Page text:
Pieces of medieval pottery and broken roof tiles have been discovered during a three-day archaeological dig at the rear of traditional sweet shop Hopscotch at 88 Barnet High Street.


Significant finds that dated from later centuries included clay pipes from the 1600s and various bottles from the Victorian era.

All the pieces of pottery and tile, together with other items which were recovered from a 1.5-metre-deep pit, will be washed, cleaned, and dated by members of the Hendon and District Archaeological Society.

Bill Bass (above, far right), the society’s field officer, who led the excavation, said the medieval items recovered were comparable to other finds from digs at the rear of the Mitre Inn and other sites along Barnet High Street.

“It has been very encouraging to find so many pieces of medieval pottery and tile and it is further confirmation of our findings from previous excavations about the historical importance of this section of the High Street.”  

Members took it in turn to dig down and by the third day the team had reached a depth of 1.5 metres – see above, from left to right, Andy Simpson, Roger Chapman, Melvyn Dresner, and Bill Bass.

Hopscotch and its rear garden are a designated area of archaeological significance and the previous medieval buildings on the site formed part of the narrow street of shops and inns beside Barnet Parish church which was known as The Squeeze.

Until its demolition in 1933 – and the construction of the present single-storey shop – 88 High Street was a Dutch-style timber building with a gabled facade and distinctive Oriel windows, which was occupied by Nickolds Bros. selling musical instruments and sheet music.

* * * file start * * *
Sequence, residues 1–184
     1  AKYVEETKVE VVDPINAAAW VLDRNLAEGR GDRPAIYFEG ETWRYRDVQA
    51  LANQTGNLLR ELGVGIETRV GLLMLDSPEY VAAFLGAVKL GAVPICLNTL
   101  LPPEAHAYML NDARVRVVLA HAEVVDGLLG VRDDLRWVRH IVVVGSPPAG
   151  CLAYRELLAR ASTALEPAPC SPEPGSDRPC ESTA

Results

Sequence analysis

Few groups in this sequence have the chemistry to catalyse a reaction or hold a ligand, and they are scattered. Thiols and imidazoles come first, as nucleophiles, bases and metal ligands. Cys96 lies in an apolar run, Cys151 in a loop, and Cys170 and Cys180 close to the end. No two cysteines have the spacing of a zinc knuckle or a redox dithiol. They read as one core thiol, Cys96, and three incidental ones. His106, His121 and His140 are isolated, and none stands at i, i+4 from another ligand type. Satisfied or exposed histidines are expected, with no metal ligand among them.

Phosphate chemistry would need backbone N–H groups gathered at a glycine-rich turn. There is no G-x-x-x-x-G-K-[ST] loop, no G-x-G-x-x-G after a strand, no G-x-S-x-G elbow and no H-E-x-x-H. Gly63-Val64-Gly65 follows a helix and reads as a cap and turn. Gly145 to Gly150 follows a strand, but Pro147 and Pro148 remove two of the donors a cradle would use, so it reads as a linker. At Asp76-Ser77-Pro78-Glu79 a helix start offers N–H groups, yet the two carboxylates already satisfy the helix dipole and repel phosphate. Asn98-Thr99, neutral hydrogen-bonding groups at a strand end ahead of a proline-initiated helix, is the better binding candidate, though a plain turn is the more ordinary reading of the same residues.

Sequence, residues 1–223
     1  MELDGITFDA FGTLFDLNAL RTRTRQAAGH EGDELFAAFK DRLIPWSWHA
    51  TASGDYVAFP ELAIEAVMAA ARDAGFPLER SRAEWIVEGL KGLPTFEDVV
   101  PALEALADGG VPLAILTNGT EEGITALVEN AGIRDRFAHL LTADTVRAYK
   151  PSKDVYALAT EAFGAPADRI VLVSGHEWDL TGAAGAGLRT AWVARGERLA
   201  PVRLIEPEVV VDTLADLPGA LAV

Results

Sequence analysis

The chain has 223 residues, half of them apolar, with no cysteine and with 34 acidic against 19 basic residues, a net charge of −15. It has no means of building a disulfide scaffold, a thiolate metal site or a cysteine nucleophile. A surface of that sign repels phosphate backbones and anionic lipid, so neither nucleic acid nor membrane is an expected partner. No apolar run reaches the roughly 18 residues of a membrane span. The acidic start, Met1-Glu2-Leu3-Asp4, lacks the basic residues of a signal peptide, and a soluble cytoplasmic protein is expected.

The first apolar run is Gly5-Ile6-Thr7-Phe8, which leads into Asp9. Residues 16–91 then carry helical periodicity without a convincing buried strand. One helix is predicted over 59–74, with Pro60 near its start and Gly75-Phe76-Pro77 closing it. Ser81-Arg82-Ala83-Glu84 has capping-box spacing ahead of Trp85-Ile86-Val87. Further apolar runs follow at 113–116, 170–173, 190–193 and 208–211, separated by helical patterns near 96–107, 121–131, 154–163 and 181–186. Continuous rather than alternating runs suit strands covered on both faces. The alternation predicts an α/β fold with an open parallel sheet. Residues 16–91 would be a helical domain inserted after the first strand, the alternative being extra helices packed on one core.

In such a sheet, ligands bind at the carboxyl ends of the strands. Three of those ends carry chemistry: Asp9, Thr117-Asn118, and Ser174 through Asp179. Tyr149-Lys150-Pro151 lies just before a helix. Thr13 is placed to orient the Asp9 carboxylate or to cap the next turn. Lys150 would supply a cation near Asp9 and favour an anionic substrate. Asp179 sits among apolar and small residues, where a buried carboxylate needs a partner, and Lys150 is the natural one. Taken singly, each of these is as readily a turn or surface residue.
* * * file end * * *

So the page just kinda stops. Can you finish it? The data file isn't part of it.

Hopscotch’s proprietors, Alice and Michael Kentish, were delighted to offer the archaeological society the chance to carry out a dig at the rear of their premises.

The shop’s history has been researched by Michael, who has produced an illustrated leaflet, describing its place within the High Street and listing the previous owners as far back as 1889.

“We have always thought we would like to find out what might be buried in our small rear garden and whether there might be something of historic interest.”

Alice said she hoped to create a sensory garden at the rear of the shop and before any work was carried out, they thought this was the ideal opportunity for the archaeologists to have a look.

During the first day of the dig Bill and his team recovered an array of glass bottles from the 1880s and numerous bricks from the Tudor era, which were probably recycled from buildings demolished around the Tudor Hall in Wood Street.

After two days’ digging – and reaching a depth of 1.1 metre – the team had recovered several stems from clay pipes, and fragments of kitchen pots and other pottery. Some of the pottery shards were glazed, indicating they were post medieval.

Bill said the clay pipes were from the 1600s. “What is so noticeable is that the earlier the pipe, the smaller the bowl, because tobacco was so pricey at the time. One of the pipes is still blackened from smoking.”

At one stage the dig went through garden soil from the 1600s suggesting that the area had been used to grow vegetables. “The tell-tale indicators are that the soil was clearly cultivated, and we found bones and bits of oyster shell which probably came from garden compost,” said Melvyn.

Finally at around 1.5 metres, Roger and the team discovered fragments of medieval pottery and tile dating from as early as around 1150.

A tray of medieval finds was handed round the team for inspection at the end of the dig and was of particular interest to long standing member Eric Morgan.

“I like to come along and support the team and see what they’ve found. At 79 I am a little too old to get into the pit but its great to see how they get on and whether they turn up anything of interest.”